Thursday, October 14, 2004

Metropolitan lights during steep banked turn, raising from LaGuardia in a Canadair regional jet.

Monday, October 11, 2004

"Light painting" by Sean McCormick, photographer in the last issue of online photo zine, 28MM. Edited by Rachel James, this was an online photography magazine that was published from June, 2002 until October, 2004. Some great photography all in one neat little site.

Update: after some exploration, I also came across this interesting resource.

[via Josh Rubin: Cool Hunting]

Saturday, October 09, 2004

Homage to Richard Avedon, born NYC, 1923 -2004. Photo: Ronald Fisher, Beekeeper.

Painting by Jonathan's father, Richard Lethem. Creativity must run in the family.

[via Lethem In Landscape]

Motherless Brooklyn

"Context is everything. Dress me up and see. I’m a carnival barker, an auctioneer, a downtown performance artist, a speaker in tongues, a senator drunk on filibuster. I’ve got Tourette’s. My mouth won’t quit, though mostly I whisper or subvocalize like I’m reading aloud, my Adam’s apple bobbing, jaw muscle beating like a miniature heart under my cheek, the noise suppressed, the words escaping silently, mere ghosts of themselves, husks empty of breath and tone."

Lionel Essrog is the narrator and protagonist of what is both a satisfying private eye novel, and a "serious" novel about betrayal, lost innocence and the struggle to make sense of an alien world. One of four orphans taken in by a Brooklyn Mob "wise guy", Lionel and his cohorts move stolen goods and provide other services to the Mob. When their boss is murdered, Lionel alone is compelled to find the truth.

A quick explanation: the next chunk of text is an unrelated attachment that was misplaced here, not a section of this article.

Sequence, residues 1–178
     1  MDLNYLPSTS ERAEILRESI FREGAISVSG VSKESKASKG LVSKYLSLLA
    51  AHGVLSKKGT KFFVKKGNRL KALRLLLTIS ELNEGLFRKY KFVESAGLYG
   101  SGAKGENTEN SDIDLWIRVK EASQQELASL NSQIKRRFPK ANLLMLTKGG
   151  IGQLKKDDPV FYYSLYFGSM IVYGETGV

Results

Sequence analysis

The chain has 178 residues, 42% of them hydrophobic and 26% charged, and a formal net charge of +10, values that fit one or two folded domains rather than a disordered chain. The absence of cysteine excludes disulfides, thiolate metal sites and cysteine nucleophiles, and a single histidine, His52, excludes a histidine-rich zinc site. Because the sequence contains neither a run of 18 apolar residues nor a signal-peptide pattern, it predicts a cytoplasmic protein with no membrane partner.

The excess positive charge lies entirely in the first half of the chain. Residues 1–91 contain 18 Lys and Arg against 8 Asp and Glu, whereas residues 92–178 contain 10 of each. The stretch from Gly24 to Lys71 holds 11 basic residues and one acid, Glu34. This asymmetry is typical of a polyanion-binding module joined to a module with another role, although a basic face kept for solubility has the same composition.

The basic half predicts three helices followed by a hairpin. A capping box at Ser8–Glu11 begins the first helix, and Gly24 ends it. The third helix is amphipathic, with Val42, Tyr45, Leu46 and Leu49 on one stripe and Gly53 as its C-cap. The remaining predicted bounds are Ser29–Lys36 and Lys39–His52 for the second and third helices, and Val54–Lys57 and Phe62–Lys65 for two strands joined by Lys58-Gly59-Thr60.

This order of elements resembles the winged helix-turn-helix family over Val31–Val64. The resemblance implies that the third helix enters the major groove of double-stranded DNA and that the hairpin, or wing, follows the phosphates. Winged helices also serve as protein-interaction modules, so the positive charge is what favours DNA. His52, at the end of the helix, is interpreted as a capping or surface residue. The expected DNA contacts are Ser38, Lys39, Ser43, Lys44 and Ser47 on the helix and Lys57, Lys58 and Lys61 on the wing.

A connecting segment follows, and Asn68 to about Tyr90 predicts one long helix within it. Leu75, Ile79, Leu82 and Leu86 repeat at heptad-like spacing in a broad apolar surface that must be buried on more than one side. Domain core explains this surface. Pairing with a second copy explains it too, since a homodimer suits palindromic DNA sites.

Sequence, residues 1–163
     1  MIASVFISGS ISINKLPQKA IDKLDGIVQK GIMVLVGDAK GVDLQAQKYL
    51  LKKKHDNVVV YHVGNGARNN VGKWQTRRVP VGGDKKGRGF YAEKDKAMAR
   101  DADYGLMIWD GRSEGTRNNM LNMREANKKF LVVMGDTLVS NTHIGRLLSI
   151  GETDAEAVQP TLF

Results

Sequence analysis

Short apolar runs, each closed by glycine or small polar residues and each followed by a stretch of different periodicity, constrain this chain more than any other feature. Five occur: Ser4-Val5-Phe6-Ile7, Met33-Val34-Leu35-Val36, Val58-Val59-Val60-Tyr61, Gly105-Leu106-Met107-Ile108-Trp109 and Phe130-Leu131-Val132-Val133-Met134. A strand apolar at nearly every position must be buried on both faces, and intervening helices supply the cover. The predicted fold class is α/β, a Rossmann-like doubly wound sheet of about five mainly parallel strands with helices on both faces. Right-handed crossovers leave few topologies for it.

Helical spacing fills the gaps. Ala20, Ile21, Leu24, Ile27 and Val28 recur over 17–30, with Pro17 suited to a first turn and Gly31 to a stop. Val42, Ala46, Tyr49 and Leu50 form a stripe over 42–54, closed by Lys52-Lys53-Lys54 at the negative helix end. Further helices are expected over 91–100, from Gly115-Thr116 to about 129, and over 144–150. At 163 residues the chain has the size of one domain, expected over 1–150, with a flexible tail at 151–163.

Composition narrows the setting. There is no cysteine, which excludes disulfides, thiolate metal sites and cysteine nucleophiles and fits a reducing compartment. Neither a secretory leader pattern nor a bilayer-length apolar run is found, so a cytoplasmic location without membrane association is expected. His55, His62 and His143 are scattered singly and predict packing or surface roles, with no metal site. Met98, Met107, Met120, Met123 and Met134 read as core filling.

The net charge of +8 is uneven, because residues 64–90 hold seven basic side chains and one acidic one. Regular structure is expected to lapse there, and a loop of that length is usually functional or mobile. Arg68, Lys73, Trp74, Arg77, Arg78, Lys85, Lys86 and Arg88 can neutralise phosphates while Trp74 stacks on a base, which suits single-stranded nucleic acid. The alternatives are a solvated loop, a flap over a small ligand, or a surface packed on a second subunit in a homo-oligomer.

Lethem has created a most unlikely hero for a hard-boiled crime novel, except in a post modern sense. You can't think about Motherless Brooklyn without thinking about Lionel's Tourette's Syndrome. Lionel's Tourette's has been used masterfully to create a frenetic gritty atmosphere, advance the pace of the novel, and to give Lionel a depth and reality that most contemporary characters lack.

Never one to plod along the ruts of conventional literary genre, Lethem has turned the detective story on its head in a way that should satisfy both noir private eye fans as well as fans of Lethem's other novels.

While not everyone liked it, many reviewers liked it a great deal.

You can buy it here.

If you like this one, be sure to check out Gun, With Occasional Music, another satisfying genre bending private eye/SF novel, Lethem's first.

Motherless Brooklyn, new noir classic by Jonathan Lethem.

Oscar Leker, gluebook from China.

Blow Your Mind, With Glue

Oscar Leker is a twenty something guy who lives in Lyon, France and glues stuff he finds into books. He creates incredibly varied works with found pictures, paper, writing, trash and things he creates himself. He's traveled extensively, creating works that are deeply influenced by his locale.